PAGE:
USA Starts Peer Student Support Network
Posted on June 23, 2020
The University of South Alabama has launched a new peer-to-peer initiative that will help students better manage stress and cope effectively with personal or academic issues.
The new Jag Student Support Network is composed of eight volunteer students who have been trained through the University’s Counseling and Testing Center to serve as peer mentors. The training, which included basic counseling and mentoring techniques, provided the volunteers with skills to help their fellow students manage stressors that might interfere with their ability to complete their coursework and stay in college.
“We want students to be trained to listen to other students who are struggling with challenging situations,” said Dr. John Friend, director of the Counseling and Testing Center. “Creating this peer mentoring team is one of many ways we’re providing support to our students.”
Friend, with the help of April Berry, a graduate student intern, conducted a survey that spurred the creation of the new program.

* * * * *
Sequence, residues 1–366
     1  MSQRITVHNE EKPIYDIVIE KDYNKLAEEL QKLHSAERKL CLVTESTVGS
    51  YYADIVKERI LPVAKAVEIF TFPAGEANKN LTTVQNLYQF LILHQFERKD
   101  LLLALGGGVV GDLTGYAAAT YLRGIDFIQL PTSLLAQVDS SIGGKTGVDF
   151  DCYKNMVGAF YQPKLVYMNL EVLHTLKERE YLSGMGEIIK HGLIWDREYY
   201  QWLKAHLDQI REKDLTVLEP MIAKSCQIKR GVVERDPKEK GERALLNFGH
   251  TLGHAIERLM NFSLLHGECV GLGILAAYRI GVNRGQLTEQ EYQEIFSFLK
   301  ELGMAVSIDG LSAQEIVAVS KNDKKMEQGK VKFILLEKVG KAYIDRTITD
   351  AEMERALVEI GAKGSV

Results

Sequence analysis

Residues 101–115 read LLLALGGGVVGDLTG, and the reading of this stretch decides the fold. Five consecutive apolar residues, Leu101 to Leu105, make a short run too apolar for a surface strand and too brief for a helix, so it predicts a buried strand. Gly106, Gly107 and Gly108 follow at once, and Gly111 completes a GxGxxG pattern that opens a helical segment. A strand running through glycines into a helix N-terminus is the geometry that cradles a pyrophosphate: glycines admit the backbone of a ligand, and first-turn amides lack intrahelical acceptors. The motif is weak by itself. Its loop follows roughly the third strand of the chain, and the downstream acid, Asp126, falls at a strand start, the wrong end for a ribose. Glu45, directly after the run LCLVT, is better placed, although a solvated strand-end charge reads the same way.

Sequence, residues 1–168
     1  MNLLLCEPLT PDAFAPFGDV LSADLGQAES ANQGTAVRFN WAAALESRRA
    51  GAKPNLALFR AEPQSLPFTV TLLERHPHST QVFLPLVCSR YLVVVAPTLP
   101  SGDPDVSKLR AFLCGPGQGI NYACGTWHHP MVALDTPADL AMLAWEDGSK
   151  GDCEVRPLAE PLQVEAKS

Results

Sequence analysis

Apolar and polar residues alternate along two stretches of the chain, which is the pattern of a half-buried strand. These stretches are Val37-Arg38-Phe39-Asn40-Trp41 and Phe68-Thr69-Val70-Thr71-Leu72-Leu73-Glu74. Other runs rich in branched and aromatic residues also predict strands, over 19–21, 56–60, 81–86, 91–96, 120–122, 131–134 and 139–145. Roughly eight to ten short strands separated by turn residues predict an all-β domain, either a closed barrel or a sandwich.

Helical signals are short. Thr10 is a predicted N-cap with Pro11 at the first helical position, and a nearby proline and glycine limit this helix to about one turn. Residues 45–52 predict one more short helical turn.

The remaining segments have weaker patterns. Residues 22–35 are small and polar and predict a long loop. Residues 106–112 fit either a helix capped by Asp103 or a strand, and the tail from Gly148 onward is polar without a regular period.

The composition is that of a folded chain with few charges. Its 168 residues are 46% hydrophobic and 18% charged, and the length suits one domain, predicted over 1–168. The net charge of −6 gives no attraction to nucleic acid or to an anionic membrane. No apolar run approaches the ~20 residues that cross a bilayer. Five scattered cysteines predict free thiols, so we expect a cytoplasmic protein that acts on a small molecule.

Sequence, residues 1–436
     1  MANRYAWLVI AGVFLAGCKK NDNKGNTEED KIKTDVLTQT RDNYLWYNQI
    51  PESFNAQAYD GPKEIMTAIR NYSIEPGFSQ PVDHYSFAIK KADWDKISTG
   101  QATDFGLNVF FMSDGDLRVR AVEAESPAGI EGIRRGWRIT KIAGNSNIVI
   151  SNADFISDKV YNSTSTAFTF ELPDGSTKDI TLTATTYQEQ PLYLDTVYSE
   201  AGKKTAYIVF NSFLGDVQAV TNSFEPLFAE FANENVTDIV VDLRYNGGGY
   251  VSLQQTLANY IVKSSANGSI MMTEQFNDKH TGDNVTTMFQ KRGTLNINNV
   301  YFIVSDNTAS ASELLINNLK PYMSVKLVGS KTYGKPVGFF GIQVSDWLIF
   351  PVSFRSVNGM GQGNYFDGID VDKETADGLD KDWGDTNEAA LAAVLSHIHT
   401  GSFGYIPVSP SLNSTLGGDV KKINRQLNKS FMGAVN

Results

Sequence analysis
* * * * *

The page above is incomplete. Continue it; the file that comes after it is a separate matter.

“The survey helped us better serve our students with the volunteer peer mentoring initiative,” Friend noted. “With a second survey, we found out that some students struggled while being away from campus because they didn’t have the privacy to call us as often as they needed to have a counseling session.”
The Jag Student Support Network members work to build supportive relationships with peers in an authentic and unscripted way, Friend said, and noted that he and his staff will step in and provide professional services for the students when needed.
Preston White, a senior nursing major from Decatur, Ala., is a member of the first cohort of volunteers. He said he has always been passionate about supporting and helping others.
“I am invested in the mental health of students here at South Alabama,” White said. “During the training, we learned how to have sympathy and empathy for students and to be good listeners.”
The student volunteers also share experiences that show their fellow students they are not alone in facing academic and personal issues.
“Part of our job is to share our challenges and success with students,” White said. “We want them to see that we struggle as well. But we can share coping techniques that will help them manage their lives better, and provide them with resources and referrals. We want to break barriers around mental health.”
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